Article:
Supporting education for development
One of Fobzu’s key priorities is to strengthen the role of education in the wider development of Palestinian society. As part of our approach, we aim to raise funds in 2015 to contribute to a postgraduate programme at Birzeit University’s Institute of Community and Public Health (ICPH).
The ICPH was informally established in 1978. It became a department in 1982 and an institute in 1998. Initially, work focused on action-oriented research and needs assessments, linking university activities to the social action that took place during the 1980s. In this way, the ICPH was able to centre on emerging needs and institutional development independent of Israel.
Cooperating with local and international non-governmental organisations, the ICPH worked towards developing Palestinian primary health care, which included a women’s health component. By 1989 and the first intifada, the ICPH was cooperating with different groups to develop a Palestinian community-based disability rehabilitation programme. Then, from 2000 onwards, it started to focus on mental health and chronic diseases programming, in line with emerging needs. The Institute’s activities were cyclical in nature and its tasks at that time were primarily those of researching needs, planning, developing training materials and monitoring and evaluating.
It was only in 1993, as a result of the signing of the Oslo Accords, that the Institute could really start thinking seriously about developing a teaching programme. Under the Accords, responsibility for health and other spheres were handed over to the Palestinian Authority (PA) and as a result, the need for public health training emerged. Following a needs assessment in the West Bank and Gaza Strip, the ICPH identified where to focus their attention and the type of teaching programme that would be the most effective. The results of the needs assessment were discussed with various local and international groups and endorsed by World Health Organisation at the time.
The ICPH began its teaching programme in 1996, having developed curricula that corresponded to needs. The programme took a multidisciplinary approach, working on the basis that health is a social construct requiring actions from different spheres, not only health.
The institute graduated its first cohort of Public Health Master’s degree (MPH) students in 1998, and has been teaching this course ever since. Over the years, the Institute has taken care to select students working not only in health but in different sectors, such as education, industry, agriculture and social services. As a result, some of its alumni’s most successful actions in health have been achieved at the Ministry of Education, local health NGOs and also the statistics department of the Ministry of Health. The ICPH currently has around 350 alumni, many of whom are still in touch with the institute in various ways, and has around 30-40 students at any one moment in time.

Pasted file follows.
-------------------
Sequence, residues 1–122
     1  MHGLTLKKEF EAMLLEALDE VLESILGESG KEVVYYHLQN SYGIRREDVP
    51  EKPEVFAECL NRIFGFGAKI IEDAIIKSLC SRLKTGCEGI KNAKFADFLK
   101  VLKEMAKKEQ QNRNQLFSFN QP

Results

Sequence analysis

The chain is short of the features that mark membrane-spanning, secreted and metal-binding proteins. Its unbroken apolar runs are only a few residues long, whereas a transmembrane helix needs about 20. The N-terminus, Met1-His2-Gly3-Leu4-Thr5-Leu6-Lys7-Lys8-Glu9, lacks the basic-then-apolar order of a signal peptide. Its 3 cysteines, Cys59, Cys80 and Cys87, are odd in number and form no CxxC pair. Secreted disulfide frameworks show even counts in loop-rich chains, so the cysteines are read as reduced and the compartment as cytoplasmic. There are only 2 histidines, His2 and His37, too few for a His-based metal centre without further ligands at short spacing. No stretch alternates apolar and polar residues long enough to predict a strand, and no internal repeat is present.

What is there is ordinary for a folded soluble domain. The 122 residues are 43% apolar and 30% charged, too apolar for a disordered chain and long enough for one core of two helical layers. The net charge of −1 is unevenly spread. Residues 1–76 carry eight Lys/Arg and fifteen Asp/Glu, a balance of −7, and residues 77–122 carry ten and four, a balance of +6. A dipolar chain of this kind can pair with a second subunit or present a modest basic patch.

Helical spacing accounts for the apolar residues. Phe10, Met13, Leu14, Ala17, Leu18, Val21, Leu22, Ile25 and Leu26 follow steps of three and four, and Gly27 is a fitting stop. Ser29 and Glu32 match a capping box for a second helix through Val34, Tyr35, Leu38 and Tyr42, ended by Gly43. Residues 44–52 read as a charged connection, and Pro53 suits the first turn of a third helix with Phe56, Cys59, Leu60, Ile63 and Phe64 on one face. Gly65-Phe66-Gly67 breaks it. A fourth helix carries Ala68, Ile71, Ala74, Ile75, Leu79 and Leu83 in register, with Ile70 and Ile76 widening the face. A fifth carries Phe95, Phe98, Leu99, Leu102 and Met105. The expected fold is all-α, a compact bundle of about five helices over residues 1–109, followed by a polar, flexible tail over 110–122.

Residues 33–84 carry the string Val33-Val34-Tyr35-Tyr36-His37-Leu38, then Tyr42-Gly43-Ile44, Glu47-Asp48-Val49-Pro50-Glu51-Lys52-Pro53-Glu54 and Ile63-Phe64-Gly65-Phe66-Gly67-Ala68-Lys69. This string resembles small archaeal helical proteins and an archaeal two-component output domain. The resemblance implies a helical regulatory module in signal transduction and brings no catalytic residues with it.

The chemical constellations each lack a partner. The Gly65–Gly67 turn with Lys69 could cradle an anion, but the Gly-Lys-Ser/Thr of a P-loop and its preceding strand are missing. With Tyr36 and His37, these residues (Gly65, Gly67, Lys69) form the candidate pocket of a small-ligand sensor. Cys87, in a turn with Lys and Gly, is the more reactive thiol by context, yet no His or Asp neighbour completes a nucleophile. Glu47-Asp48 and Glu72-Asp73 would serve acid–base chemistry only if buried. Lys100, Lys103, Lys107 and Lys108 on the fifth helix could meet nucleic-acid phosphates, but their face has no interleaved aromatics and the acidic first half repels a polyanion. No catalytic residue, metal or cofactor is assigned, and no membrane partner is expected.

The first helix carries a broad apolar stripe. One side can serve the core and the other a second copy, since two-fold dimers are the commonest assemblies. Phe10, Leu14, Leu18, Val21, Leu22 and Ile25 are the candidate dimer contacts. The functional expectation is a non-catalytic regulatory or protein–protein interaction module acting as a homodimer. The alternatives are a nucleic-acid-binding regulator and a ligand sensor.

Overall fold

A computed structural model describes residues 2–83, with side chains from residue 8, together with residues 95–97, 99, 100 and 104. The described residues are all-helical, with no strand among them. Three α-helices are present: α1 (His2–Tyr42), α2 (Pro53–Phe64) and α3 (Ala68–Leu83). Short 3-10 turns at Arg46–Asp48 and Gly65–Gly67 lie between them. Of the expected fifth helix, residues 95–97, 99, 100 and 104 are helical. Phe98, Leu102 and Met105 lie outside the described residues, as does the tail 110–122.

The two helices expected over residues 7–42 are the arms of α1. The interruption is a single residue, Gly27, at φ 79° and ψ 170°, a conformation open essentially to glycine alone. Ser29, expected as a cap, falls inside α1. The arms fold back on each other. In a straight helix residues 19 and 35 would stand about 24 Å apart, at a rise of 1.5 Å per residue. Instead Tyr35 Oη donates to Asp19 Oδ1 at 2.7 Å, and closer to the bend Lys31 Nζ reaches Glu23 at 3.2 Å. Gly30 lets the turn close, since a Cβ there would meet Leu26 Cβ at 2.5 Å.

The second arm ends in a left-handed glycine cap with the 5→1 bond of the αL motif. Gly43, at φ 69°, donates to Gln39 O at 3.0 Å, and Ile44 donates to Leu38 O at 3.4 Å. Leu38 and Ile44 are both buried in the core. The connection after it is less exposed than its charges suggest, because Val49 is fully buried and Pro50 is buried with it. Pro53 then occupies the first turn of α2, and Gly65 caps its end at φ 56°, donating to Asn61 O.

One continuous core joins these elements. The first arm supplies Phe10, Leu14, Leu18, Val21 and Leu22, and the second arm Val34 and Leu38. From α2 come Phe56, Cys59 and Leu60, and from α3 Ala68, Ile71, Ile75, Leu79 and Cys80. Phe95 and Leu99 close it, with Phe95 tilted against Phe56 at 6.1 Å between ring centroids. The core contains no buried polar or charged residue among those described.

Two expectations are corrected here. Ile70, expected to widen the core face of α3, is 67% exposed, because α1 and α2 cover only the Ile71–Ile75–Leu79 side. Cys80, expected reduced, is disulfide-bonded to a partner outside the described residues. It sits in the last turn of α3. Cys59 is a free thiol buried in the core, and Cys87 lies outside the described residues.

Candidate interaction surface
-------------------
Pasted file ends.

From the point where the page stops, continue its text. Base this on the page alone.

The background of students participating in the teaching programme has changed over the years. Initially, they were mid-level managers in the health, education and other sectors that had been taken over by the Palestinian Authority, as well as local, and some international, non-governmental organization personnel. The ICPH initially worked to build the capacity of existing health staff, but as they fulfilled that need over time, they began to build the capacity of future generations of public health professionals – working with younger, less experienced students.
From its inception, the MPH programme was built with the concept of institutional and societal development at its core. The ICPH designed activities geared towards remaining in close contact with changes on the ground – developing a programme of field visits, where staff would visit students in their workplace to research the structural constraints to turning what they learned into action and discover how best to apply teaching in practice. This approach allowed them to follow the changes in the health system closely and to adjust curricula accordingly. In the early years of the ICPH, the health of the Palestinian population was undergoing a transition, from communicable to chronic and non-communicable diseases, and field visits were crucial in keeping the Institute in touch with developments.
The ICPH also played an important part in affecting the necessary changes for better public health practice by running special scholarship schemes for individuals working in local institutions.
The ICPH’s invaluable approach is, however, dependent on international funding. It is in urgent need of support if it is to continue its regular needs assessments, updating its curricula every 2-3 years, conducting field visits and maintaining its alumni association. All of these aspects of the ICPH’s work go beyond the university’s regular activities and cannot be covered by the cost of tuition fees. Without further funding, there is a risk that the MPH programme would become a regular academic programme and lose its special developmental focus, which is essential for the future of Palestinian health.
That is why Fobzu is working to support the ICPH’s current work and to rejuvenate some of its previous activities. We are seeking funding to help support curriculum development, scholarships for individuals working in health institutions, field work costs, alumni association support (including field visits, continuing education and conferences), Master’s thesis fellowships and internships for students completing research to publish papers in scientific journals.
If you want to help ensure this vital programme continues, please DONATE TODAY.